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Violent Protests Spark Across China Over It’s Draconian COVID Lockdown Policies

The populace of China seems to have had enough as protests have started to kick off all over the communist nation due to its draconian COVID policies, with at least one such protest turning quite violent.

These protests have only gotten worse as of this past weekend throughout many of the major cities in China such as Shanghai, Wuhan, and Beijing. As explained via various media reports, one protest in Shanghai eventually broke down into nothing but chaos as police intensely fought with protesters prior to making ample use of pepper spray on the crowds. These protests kicked off seemingly in response to the new “zero COVID” policies being pushed by the Chinese Communist Party government throughout the course of the pandemic.

“I’m here because I love my country, but I don’t love my government … I want to be able to go out freely, but I can’t. Our COVID-19 policy is a game and is not based on science or reality,” stated on Shanghai protester to reporters from Reuters.

These protests reportedly kicked off on Thursday in the wake of ten people being killed in a fire that broke out inside a residential high-rise building located in the capital city of Xinjiang autonomous region, Urumqi. Videos of the ordeal that were posted to social media caused a large number of accusations that the draconian lockdowns ended up being the reason for the deaths, as reported by both Reuters and the New York Times. Residents in the area have been forced to lock down entirely and have been prevented from even leaving their homes for periods of close to 100 days at a time, stated Reuters.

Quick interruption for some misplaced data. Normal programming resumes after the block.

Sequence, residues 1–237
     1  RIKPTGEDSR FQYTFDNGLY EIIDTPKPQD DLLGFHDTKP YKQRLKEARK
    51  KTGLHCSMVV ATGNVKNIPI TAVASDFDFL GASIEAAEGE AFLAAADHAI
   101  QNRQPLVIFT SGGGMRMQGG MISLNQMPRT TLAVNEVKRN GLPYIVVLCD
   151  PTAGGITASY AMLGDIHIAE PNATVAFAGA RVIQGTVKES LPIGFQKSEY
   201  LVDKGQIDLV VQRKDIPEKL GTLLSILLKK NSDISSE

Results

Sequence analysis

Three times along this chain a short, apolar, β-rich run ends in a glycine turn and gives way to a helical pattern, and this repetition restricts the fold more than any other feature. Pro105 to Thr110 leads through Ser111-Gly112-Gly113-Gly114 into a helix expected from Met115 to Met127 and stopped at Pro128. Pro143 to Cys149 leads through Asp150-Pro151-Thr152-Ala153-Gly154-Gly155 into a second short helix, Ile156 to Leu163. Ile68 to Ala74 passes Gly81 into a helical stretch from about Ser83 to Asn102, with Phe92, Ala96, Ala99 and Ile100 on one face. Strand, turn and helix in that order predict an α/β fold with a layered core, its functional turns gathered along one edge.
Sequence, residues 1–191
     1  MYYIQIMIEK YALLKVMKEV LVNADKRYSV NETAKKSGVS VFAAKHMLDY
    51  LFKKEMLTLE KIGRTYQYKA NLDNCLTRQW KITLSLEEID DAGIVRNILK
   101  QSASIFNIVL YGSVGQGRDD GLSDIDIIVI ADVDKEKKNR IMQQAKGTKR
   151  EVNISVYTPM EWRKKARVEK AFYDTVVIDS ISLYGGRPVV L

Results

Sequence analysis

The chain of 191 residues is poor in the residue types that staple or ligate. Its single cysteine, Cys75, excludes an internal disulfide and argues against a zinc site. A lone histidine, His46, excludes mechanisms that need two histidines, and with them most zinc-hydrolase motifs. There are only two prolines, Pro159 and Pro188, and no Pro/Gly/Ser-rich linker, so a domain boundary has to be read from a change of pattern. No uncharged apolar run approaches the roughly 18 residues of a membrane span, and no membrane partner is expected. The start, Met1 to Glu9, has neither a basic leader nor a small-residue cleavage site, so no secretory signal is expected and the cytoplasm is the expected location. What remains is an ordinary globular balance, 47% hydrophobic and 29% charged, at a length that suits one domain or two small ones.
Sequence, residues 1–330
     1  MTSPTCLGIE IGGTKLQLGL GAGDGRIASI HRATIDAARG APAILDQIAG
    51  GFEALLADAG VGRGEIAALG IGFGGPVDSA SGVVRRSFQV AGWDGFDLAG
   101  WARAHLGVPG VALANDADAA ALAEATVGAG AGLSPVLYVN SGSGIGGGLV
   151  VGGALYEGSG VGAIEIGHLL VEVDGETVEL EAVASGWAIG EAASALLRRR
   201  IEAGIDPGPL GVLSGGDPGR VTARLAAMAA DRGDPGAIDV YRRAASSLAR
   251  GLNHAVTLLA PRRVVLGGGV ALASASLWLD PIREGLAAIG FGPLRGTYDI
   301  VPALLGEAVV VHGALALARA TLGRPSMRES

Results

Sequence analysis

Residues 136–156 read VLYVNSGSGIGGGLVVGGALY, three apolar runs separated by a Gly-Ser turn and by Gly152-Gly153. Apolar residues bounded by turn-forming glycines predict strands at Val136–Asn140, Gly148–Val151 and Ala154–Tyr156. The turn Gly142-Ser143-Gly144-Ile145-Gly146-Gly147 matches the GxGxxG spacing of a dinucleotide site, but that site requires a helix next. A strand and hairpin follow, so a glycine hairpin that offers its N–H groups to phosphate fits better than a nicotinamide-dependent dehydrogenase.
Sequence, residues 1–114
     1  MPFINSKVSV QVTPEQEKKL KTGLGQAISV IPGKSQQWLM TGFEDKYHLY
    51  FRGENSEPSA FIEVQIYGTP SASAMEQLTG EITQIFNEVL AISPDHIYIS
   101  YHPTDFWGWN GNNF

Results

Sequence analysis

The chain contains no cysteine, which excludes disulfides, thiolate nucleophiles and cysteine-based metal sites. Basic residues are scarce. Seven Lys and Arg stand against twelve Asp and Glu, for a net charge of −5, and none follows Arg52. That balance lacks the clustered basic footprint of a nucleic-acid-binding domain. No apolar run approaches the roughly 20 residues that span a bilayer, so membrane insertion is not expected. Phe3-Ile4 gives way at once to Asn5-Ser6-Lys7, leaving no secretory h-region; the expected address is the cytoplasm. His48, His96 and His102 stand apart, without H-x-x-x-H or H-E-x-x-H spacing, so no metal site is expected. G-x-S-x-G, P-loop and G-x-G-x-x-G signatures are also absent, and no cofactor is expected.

“We just want our basic human rights. We can’t leave our homes without getting a test. It was the accident in Xinjiang that pushed people too far,” explained another protester to Reuters.

As reported by both Reuters and the Associated Press, a crowd of protesters showed up on Saturday in Shanghai along Wulumuqi Road, named after the city of Urumqi, to take part in a candlelight vigil in memory of the needless victims of the fire. At which point roughly 100 police officers gathered and showed up in order to stop demonstrators from gathering.

At some point, Police officers in the area were ordered to and carried out use of, large amounts of pepper spray against the crowd of almost 300 protesters. A witness of the event stated to the AP that one of his friends had been beaten badly, and another pair were dosed with pepper spray. he went on to add those police officers stomped on his feet as he attempted to stop them from dragging off his friends.

On the other end of the spectrum, a peaceful protest reportedly took place in memory of the Urumqi victims on the campus of Tsinghua University in Beijing, which is known to be the alma mater of the current leader of the Communist Party, Xi Jinping. Protesters were also reported to have gathered at the Communication University of China in Nanjing, Peking University in Beijing, and the Wuhan University of Technology.

In a large number of these cases, the demonstrators reportedly targeted Xi directly with their ire. “Down with the Chinese Communist Party, down with Xi Jinping,” chanted demonstrators at events held this past Saturday in Shanghai, as reported by Reuters.

Both the Communist Party and China as a whole have been receiving an intense level of pressure internationally to cut back their draconian “zero COVID” restrictions that have reduced the number of COVID cases a bit, but slo resulted in very severe damage to the nation’s economy.

“Under the zero-COVID strategy, China weathered the initial impact of the pandemic well, allowing the economy to recover swiftly from the early-2020 lockdowns and to expand the global supply of medical goods and durable goods significantly at a critical time for the global economy,” explained International Monetary Fund First Deputy Managing Director Gita Gopinath via a release. “However, China’s growth has since slowed and remains under pressure amid recurring COVID outbreaks, deep challenges in the property sector, and slowing global demand.”

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